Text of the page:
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base current divider in npn common emiiter amplifier

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Advanced Member level 4
Sep 12, 2019
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Hello, i am using the data sheet shown bellow.
my Vcc is 12V i have put a 10k 10k ressistor ash shown bellow.
but instead of getting Vb=6 i get 5.91.
Is there some mathematical logic which could help me see how the current divides between R3 and base of bjt?



basically, the emitter resistor R2 is approximatively seen multiplied by the h21 parameter of Q1 in parallel with R3

Hello, the root of the problem is predicting the correct value of Vbe for the transistor.
from the daa sheet i need Vce=5V and I_c=10mA
my Vce from simualtion is 2V as shown bellow.
How exactly do i play with the circuit in order to be sure i will be having Vbe of 0.7V as in the data sheet?



from the daa sheet i need Vce=5V and I_c=10mA
Need this values to achieve what? 10 mA can't be achieved with present R1 and R2 values, even in transistor saturation (amplifier not working). With given values for R1 and R2 (presume the values are well considered) you'll select an operation point that gives maximal undistorted output, e.g. Vce = 4V, Ic = 3.7 mA. Notice that Vce and Ic are linked and can't be chosen independently.

to be sure i will be having Vbe of 0.7V as in the data sheet
Vbe depends on Ic and temperature and also undergoes type variations. Notice the wide tolerance range in the datasheet line you have quoted above. Respectively it makes little sense to calculate Vbe with two decimal places.
You'll select R3 and R4 so that you come near to the optimal operation point for a typical transistor and an average transistor temperature.

Hello FVM, if i want Vce = 4V, Ic = 3.7 mA .
is there some mathematical expressions i can use to get these values?

Calcuate V(e), read typical Vbe for 4 mA from datasheet, e.g. 0.65 V, calculate V(b), calculate Rin = R2*B for typical gain value B. Select R3 and R4 for V(b) value considering Rin in parallel to R3, e.g. choose R3, calculate R3|| Rin, calculate optimal R4.


(again you use a crappy datasheet form second source.Why not a detaile datasheet directly from the manufacturer?)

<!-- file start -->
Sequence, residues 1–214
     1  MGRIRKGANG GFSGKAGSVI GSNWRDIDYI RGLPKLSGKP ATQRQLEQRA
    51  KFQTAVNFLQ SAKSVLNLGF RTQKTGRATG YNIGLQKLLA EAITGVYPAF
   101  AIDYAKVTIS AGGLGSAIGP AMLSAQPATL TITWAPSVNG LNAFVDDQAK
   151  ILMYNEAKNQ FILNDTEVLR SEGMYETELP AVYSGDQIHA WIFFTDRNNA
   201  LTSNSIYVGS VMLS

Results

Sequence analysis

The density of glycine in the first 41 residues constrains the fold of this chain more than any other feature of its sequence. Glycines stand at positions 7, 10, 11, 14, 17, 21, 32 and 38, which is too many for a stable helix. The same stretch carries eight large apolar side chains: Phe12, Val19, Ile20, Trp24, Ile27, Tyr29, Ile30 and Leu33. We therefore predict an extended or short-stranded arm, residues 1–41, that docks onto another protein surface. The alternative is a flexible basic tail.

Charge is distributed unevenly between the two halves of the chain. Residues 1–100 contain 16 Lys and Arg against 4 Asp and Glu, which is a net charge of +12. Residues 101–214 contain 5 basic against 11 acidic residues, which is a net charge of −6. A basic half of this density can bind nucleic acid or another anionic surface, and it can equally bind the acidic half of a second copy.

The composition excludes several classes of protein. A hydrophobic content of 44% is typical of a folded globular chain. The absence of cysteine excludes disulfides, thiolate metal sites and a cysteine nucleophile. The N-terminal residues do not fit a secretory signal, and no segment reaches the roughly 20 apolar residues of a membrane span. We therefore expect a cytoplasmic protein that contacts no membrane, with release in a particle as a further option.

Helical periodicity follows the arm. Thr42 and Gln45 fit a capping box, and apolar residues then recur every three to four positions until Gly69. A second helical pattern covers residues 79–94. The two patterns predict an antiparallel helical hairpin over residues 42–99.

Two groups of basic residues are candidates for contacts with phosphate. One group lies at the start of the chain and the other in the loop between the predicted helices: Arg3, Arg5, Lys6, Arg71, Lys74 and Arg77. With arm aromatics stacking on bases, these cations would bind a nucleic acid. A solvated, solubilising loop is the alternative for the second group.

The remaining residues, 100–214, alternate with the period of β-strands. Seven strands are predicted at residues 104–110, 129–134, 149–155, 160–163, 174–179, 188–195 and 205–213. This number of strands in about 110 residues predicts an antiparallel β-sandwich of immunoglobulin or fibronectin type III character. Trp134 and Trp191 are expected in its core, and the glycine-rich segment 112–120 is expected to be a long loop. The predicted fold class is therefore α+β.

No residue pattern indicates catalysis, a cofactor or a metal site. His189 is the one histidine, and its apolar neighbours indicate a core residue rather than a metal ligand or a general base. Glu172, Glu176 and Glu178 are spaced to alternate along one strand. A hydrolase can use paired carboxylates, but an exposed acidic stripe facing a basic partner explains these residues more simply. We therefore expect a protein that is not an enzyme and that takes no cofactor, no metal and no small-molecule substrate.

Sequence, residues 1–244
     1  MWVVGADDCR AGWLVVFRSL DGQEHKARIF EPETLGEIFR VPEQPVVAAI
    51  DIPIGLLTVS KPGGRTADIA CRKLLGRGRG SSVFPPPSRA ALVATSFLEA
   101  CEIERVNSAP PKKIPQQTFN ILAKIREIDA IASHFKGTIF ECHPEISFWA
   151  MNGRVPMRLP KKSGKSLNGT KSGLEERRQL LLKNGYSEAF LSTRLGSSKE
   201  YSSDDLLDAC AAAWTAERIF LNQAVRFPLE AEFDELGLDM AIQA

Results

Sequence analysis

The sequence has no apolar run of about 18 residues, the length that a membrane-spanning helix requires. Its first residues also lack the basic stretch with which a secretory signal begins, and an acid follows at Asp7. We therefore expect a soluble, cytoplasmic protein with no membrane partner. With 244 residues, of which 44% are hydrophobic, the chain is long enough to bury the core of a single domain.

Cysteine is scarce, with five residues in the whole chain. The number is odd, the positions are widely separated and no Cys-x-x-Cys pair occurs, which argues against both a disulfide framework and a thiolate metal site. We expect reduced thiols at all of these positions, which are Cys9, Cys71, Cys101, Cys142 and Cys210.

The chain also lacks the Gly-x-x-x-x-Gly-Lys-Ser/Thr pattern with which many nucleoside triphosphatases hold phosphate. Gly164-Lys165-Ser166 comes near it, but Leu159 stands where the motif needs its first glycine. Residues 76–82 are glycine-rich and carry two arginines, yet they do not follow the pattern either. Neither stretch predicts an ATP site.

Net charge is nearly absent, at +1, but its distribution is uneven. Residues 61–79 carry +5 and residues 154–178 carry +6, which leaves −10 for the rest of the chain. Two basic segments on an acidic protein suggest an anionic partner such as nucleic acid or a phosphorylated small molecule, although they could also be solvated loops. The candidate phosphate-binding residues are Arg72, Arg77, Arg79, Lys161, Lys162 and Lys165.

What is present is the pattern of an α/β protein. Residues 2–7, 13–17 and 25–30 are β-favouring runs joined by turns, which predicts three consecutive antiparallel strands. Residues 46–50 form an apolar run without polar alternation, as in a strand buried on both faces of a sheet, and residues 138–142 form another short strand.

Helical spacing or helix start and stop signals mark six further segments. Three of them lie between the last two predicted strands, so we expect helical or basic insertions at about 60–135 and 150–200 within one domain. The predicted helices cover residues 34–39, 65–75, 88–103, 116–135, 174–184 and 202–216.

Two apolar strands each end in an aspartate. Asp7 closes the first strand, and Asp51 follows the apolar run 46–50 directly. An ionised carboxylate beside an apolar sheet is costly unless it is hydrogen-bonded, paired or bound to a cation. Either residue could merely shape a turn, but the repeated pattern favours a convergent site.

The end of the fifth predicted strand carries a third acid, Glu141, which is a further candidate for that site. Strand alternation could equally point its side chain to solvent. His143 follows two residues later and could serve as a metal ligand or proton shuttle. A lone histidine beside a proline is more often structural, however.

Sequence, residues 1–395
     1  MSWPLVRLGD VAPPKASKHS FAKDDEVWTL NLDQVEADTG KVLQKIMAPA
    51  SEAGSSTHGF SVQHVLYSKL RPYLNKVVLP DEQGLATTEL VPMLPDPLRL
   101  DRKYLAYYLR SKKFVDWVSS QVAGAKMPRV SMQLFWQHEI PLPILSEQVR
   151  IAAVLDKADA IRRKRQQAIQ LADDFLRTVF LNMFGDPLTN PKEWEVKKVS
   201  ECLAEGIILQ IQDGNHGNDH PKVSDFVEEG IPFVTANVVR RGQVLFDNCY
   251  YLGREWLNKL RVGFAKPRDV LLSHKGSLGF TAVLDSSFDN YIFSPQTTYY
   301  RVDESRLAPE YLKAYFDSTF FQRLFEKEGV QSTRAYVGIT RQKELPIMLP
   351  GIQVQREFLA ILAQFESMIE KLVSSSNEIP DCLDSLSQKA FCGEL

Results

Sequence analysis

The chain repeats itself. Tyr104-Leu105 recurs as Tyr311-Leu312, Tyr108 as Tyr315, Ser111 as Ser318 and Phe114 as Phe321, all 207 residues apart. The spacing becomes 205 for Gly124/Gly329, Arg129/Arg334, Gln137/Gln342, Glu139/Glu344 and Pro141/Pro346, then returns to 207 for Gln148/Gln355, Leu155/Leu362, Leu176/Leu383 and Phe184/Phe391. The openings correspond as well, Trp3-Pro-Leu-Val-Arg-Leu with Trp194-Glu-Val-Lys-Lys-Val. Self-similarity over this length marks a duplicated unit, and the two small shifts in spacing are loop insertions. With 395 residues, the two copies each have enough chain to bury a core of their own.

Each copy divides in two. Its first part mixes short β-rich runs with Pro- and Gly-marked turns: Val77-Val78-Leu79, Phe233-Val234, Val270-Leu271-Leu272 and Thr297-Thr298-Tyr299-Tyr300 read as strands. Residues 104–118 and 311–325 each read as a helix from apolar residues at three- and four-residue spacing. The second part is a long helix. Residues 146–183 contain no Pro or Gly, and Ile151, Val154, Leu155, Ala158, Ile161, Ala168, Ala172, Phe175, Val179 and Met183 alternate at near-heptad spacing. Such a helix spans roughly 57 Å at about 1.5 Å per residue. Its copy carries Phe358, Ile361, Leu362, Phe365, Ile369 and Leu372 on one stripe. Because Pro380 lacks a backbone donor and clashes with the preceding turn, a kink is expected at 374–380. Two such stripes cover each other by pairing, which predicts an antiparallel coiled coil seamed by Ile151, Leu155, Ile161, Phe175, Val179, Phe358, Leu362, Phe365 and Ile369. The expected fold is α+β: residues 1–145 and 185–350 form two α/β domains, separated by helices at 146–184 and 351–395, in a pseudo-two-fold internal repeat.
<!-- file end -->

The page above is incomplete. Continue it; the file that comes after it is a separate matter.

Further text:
I´d say an accurate V_BE is not very important. (it drifts with temperature anyways)
Also h_FE varies in a wide range. So you can´t get a very accurate estimation.

You say you want V_CE = 4V. This leaves 8 V for R1 + R2.
also you say you want I_C to 3.7mA, this makes a voltage drop of 3.7V across R1. (Ohm´s law)
so 12V supply, 3.7V on R1, 4V on the bjt, leaves 4.3V for R2.
4.3V on 1.18 k makes 3.6mA.

I_E = I_C + I_B ... thus - according your requirements - means -0.1mA at the base. This is impossible.
--> you need to adjust your requirements.


Hello, the root of the problem is predicting the correct value of Vbe for the transistor.
from the daa sheet i need Vce=5V and I_c=10mA
No, that is not the correct understanding of the main problem.
You cannot - and it is not necessary to - "predict the correct value of Vbe".
The BJT is a voltage-controlled device and the corresponding expression Ic=f(Vbe/Vt) follows an e-function.
This function is relatively steep with a factor Io which is very temperature-sensitive and has large tolerances. Therefore, you cannot find the "correct Vbe".

Therefeore, it is common practice to use negative DC feedback (mostly in form of an emitter resistor Re).
It is one of the consequences of negative feedback to make the properties of whole circuit less sensitive to active parameters.
As a consequence., it is sufficient to use a standard value for Vbe (0.65...0.75 volts).
As a result, the required base voltage Vb is found using the relation Vb=Ve+Vbe with Ve=Ie*Re.

In addition, it is recommended to use a relatively low-resistive base voltage divider for providing a voltage Vb as "stiff" as possible, that means: Less resistive to large tolerances of the base current Ib.
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A good design is only followed by good design specs. If the design needs improvement start with better specs 1st.

e.g. DC bias of all nodes, input & output impedance , and frequency breakpoints. maximum C size, power consumption, etc

Here you go. online simulations
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